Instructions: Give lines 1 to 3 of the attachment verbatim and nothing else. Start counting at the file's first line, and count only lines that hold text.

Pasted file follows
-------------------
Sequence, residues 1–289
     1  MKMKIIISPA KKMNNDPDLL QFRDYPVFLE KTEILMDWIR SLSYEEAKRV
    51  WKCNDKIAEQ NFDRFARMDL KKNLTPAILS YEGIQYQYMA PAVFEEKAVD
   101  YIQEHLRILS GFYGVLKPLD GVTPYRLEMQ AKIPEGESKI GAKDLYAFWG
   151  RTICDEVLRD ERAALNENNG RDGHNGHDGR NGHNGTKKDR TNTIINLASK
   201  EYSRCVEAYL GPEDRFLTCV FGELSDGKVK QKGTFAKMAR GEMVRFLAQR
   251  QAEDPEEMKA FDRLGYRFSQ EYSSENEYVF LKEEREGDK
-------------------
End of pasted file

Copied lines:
Sequence, residues 1–289
     1  MKMKIIISPA KKMNNDPDLL QFRDYPVFLE KTEILMDWIR SLSYEEAKRV
    51  WKCNDKIAEQ NFDRFARMDL KKNLTPAILS YEGIQYQYMA PAVFEEKAVD